9. Question:
My tenant claims he paid the rent by mailing us a money order. We never received it and he says we should have received it. Who would bear the loss if we do not find the missing payment?

Answer:
Under most leases, it is normally the responsibility of the tenant to ensure the landlord receives payment. Since it is up to the tenant to choose the method of delivery, he or she bears the risk that the payment is in fact made. However, some landlords will determine the method of delivery. In those cases, the landlord may bear the risk that the payment reaches the landlord.

10. Question:
One of the recent applicants to our apartment community claims he is paid “under the table”. How do I verify his income?

Answer:
You really can’t, and because he is committing fraud, you should not consider this a legal source of income. If they fail to otherwise qualify, deny his rental application.

11. Question:
One of our tenants was recently arrested and has not paid the rent. We served a notice by “nail and mail” and it has been over three days. How do we serve the unlawful detainer (eviction) on the tenant while in jail?

Answer:
Most jails will allow your process server to serve the tenant while in jail. It can take several hours before they are able to pull the inmate up, but your process server can be waiting for him or her and legally serve them while incarcerated.

12. Question:
One of our residents served us with a written 30-day notice and has failed to vacate after 30 days. Can I start the eviction process or must I serve a 30-day notice first?

Answer:
If a residential tenant serves the landlord with a written 30-day notice and the rental term is month-to-month, the landlord may immediately file an unlawful detainer (eviction) action in court on the 31st day, providing the 30th day fell on a business day.

Ms. Management

Posted: 20th February 2015 by Melissa in Ms. Management
Tags:
 

Ms Mgmt,

Q- Here’s my situation. I’ve been hired by a start-up PM Company that is going to go from 0 to 2500 apartment homes in the next 3 months. My task is to efficiently transfer this portfolio and bring these communities into a normal operating region. Obviously, this was presented to me as a unique career opportunity. I’m excited and prepared. However, any help you could provide is appreciated.

A – I’m pleased for you. This is definitely a challenge that will test your leadership and management skill set. Let’s break it down. Your ability to plan needs a complete inventory of resources and challenges. This means that each community has a thorough review of the financials, a detailed property walk and conversations with key people. From these inputs you will get a sense of the resources and challenges you can count on for an initial 90-day plan. Now organize the initial 90 days with an experiential checklist that you can utilize for orientation, communicating expectations, and evaluating results.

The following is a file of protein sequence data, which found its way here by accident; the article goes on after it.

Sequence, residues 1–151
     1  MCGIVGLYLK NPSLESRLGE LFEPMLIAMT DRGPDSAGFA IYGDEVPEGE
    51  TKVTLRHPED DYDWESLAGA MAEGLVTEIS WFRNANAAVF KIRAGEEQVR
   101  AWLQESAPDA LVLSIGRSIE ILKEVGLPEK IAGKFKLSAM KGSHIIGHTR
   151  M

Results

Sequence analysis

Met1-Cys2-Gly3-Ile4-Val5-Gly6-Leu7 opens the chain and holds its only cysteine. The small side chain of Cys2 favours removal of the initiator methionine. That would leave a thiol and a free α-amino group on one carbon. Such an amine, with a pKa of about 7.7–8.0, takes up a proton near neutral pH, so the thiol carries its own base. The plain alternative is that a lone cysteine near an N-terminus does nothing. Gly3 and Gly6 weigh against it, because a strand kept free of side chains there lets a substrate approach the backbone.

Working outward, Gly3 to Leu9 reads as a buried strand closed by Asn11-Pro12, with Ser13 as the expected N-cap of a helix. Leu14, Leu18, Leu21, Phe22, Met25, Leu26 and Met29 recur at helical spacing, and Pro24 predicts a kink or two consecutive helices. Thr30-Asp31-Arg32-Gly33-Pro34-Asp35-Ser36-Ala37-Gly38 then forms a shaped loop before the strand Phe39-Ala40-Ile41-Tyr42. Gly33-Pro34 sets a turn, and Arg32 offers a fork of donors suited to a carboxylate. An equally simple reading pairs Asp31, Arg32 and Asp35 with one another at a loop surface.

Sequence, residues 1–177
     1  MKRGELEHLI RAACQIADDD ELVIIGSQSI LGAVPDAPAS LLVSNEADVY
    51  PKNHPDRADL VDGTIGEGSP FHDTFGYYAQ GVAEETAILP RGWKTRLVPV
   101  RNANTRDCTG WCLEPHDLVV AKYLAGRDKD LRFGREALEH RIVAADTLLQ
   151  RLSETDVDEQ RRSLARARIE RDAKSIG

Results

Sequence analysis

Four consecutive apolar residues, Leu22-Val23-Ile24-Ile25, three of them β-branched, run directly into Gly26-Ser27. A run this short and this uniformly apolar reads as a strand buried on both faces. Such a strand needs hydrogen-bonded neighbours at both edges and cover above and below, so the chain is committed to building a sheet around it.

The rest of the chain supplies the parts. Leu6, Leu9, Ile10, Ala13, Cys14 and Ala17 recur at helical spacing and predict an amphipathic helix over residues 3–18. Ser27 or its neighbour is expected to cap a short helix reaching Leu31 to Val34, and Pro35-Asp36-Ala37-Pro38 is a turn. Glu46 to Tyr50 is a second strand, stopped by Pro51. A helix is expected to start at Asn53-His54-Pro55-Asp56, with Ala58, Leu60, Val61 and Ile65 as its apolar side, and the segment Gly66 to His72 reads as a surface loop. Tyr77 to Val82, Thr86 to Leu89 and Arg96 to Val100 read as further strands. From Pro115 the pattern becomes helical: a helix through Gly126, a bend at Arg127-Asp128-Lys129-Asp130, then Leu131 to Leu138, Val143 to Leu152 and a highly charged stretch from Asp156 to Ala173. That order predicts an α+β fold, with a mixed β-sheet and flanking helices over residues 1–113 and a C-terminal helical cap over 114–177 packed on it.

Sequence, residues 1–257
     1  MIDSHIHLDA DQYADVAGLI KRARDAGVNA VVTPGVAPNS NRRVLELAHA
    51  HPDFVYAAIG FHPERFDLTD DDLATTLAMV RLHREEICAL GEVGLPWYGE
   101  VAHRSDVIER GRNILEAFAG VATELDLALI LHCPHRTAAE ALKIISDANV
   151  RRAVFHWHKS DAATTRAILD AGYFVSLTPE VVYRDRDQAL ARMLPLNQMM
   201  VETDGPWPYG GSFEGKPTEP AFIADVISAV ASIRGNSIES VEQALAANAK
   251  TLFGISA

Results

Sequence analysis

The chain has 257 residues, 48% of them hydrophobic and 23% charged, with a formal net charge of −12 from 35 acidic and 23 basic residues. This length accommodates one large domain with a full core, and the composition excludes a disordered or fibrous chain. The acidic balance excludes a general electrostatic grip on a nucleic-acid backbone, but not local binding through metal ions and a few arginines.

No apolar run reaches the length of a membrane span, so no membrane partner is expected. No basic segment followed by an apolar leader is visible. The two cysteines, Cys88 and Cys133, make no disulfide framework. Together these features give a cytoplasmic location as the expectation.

Since I don’t know the people or resources available to you I can’t predict how much hiring will be needed but I can predict that well designed job descriptions and performance standards for all your key employees at each community level is an important initial priority.

These documents will give structure to your expectations. If you utilize these consistently in your initial conversations with existing staff at each community you can discover the culture that is in place and how to respond to people and circumstances. In your hiring interviews you can design and ask experience based questions that reveal your needs as well as the skills and attitudes of each candidate. Your orientation and ongoing coaching communication will be direct and your intentions will be transparent. Quality verbal and written communication gets you a quick start to realistic goals and objectives for the initial 90-day program and becomes the basis for goal selection and performance review for each 90 days thereafter. You need to build a defined reputation for your region to insure your leadership is followed. Hope this helps and enjoy this unique opportunity to excel.

KTS Legal Questions- Feb 2015

Posted: 5th February 2015 by Melissa in Legal Questions
Tags: , ,
 

FBS Apartments, Condos and Homes For Rent in 69 zip codes throughout the S.D. Region

FBS operates Rental Properties for Independent Owners utilizing Industry Best Practices which creates direct benefits to our Rental Customers. We have provided Superior Housing Alternatives now in our 5th Decade. Our available rental inventory changes daily. www.fbs-pm.com